Little Bird Tales: http://littlebirdtales.com/
Microsoft Digital Storytelling for teachers: http://www.microsoft.com/education/en-us/teachers/guides/Pages/digital_storytelling.aspx
(These three resources encompass digital storytelling for younger audiences. Please turn to the Cool Tools page on my blog for more resources).
Synopsis: Complight is similar to Flikrstorm. In the search box, you can enter in your search terms (for images only). Then, click on “show me what compflight can do.”
In the new screen, you can narrow your search in the left-hand column. You can search all text or tags only. You can also search by license type–creative commons or commercial. And, you can choose to only show the original images, thereby directing you to the original source. Lastly, you can search with safety turned on or off. This feature sets it apart from Flickrstorm. When you find an image you want, just click on it and it will appear in a new window. As with all media, be sure to pay credit to the author(s) of the media. Unfortunately, Compflight does not give users the ability to save searches and store photo searches. However, the “safe” feature makes it desirable.
Little Bird Tales is designed for younger students who are making digital stories. And, it is completely free. Begin by creating an account. When creating an account, you can select whether it is a teacher or student account. You are then prompted to select the school or add the school (the first person for your school should do this). You must also give the school a four-digit code (students will be prompted to enter this in order to login, so make it easy enough). Be sure to write down the school code (again, only the first person to set up the school must create a school code; everyone else will just select the school from the drop-down list). With a teacher login, you can manage classes and manage the school (master account). You can view all downloads and create a tale like your students. With the class manager, teachers can create classes and add students to each class. They can also set permissions for the class. For instance, teachers can select who can see the class page, who can share, and if public tales can be viewed. To add students, simply click on the Import Students button. You will be asked to import a CSV file with student names, usernames, passwords, and class names (the classes you have created on your account). Simply put, Little Bird Tales is in online class space that specializes in digital stories. To create a tale, you can draw, upload a picture, or select images from the gallery. It will walk you through the steps–cover page with audio, additional pages with audio and text, and finishing the book. When you are done, you can click preview. All student books are automatically linked to teacher accounts so the teacher can see them and store them. At the bottom of the preview page, there is an embed code so the stories can be embedded into the Website. Students can make as many books as they desire. And, that’s all there is to it!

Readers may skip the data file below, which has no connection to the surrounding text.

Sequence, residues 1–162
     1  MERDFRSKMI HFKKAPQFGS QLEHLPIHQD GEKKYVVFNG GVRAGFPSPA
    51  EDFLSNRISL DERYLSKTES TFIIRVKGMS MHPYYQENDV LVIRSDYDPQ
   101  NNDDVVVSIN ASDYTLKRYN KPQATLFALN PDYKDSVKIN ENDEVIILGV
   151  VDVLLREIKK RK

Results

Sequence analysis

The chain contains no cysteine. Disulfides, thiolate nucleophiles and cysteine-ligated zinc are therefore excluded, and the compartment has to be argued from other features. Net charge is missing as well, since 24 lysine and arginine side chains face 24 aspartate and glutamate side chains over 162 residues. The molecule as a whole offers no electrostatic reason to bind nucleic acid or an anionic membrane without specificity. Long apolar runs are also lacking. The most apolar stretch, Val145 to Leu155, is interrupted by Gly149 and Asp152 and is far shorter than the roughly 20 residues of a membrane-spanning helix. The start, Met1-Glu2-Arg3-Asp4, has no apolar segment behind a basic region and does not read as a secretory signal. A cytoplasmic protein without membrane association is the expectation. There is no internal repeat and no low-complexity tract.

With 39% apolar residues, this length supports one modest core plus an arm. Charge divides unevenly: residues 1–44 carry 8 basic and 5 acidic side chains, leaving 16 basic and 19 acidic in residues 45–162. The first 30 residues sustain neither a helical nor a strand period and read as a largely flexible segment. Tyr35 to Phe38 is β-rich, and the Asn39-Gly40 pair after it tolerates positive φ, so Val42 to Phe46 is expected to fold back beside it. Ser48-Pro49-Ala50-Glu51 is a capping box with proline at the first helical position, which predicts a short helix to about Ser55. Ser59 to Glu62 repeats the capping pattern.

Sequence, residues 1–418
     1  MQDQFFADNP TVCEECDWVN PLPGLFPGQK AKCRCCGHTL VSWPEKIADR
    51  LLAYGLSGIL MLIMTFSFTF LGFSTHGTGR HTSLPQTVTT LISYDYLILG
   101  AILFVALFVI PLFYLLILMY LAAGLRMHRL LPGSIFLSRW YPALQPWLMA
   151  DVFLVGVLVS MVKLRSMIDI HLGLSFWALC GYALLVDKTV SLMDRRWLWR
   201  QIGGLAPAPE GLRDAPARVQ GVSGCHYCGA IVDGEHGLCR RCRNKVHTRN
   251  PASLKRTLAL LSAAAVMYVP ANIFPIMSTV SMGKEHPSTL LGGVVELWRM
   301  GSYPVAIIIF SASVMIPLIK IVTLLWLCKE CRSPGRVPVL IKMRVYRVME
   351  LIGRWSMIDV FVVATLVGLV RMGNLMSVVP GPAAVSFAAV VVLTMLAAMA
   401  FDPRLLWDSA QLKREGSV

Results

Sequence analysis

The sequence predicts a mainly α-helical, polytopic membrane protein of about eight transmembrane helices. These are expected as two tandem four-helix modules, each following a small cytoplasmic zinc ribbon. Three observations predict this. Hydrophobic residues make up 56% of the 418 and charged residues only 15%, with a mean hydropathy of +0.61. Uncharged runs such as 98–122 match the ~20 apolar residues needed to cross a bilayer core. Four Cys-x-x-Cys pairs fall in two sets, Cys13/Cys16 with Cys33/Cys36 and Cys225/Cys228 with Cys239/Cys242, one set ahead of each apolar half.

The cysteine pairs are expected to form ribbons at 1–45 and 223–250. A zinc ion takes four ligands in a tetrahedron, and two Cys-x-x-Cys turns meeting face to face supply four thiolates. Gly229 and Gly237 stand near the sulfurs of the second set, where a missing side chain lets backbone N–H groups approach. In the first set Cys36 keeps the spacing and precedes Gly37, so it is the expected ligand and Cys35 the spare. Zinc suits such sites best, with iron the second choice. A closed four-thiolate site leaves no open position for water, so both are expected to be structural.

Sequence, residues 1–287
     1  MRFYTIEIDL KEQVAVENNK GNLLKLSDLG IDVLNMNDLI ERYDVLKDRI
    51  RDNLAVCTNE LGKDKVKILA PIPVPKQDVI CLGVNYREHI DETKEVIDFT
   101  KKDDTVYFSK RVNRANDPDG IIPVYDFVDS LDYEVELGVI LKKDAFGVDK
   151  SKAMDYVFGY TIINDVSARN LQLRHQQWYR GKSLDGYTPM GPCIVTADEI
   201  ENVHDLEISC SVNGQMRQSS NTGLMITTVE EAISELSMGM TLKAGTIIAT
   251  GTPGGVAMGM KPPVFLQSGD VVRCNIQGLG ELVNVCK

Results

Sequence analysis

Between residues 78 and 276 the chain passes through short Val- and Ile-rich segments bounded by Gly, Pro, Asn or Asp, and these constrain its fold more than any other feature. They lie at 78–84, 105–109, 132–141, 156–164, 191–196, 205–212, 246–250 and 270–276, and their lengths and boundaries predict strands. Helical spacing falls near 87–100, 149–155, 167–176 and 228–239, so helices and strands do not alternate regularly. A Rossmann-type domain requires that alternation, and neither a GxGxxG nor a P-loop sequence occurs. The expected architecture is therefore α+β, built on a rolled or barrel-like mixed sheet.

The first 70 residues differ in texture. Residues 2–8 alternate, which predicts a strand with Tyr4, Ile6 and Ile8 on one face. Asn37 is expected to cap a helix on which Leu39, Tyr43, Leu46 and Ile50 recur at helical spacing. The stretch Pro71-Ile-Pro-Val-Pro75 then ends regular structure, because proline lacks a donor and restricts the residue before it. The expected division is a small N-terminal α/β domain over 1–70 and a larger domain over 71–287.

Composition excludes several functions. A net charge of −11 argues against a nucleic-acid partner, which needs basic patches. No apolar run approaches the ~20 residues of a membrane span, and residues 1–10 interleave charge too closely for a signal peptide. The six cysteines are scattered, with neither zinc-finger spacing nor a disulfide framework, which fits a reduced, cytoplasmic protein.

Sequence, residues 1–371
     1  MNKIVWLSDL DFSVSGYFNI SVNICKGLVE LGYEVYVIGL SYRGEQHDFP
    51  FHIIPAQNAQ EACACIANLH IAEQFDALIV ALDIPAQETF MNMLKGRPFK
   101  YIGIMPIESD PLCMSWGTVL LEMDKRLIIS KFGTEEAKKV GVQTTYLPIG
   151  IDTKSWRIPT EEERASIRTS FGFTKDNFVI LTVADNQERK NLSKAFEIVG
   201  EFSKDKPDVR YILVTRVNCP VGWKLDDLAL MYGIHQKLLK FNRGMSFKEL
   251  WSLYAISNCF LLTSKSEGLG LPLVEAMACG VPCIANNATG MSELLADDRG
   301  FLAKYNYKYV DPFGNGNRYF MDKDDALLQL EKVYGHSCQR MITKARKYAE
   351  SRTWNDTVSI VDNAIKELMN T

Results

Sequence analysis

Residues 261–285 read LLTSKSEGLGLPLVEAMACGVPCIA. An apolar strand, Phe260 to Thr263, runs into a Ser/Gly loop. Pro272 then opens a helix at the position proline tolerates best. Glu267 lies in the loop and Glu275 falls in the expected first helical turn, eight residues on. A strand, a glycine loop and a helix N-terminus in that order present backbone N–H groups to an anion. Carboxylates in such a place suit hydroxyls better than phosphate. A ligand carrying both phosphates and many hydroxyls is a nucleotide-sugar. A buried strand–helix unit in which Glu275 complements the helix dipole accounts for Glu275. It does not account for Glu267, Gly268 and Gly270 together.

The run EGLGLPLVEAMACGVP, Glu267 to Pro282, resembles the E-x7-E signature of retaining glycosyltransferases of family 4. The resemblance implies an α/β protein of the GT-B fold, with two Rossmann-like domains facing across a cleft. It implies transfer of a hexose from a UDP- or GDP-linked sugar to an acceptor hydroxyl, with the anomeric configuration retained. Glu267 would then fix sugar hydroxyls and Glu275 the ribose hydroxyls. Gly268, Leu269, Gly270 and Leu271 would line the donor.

Microsoft’s Digital Storytelling in the Classroom has handouts (rubrics, storyboard templates, and how-to guides) at the bottom of the Webpage. These are great starting places for creating a digital storytelling unit.
Integration: Since there are three resources today, I will show how all three can be integrated at once to create an efficient digital storytelling experience. Teachers should begin with Microsoft’s site in order to device rubrics and create objectives and the appropriate assessment. From there, they can create classes and import students into Little Bird Tales. When all accounts have been created, students can begin gathering materials. Students can use Compflight to gather images and correctly site them. Students can import and record their voices through Little Bird Tales and, they can share their stories through Little Bird Tales. With the public gallery available, teachers and students can search stories that have already been created. And, with the teacher/student account features, teachers can easily monitor student work. Little Bird Tales is a great site for bringing it all together.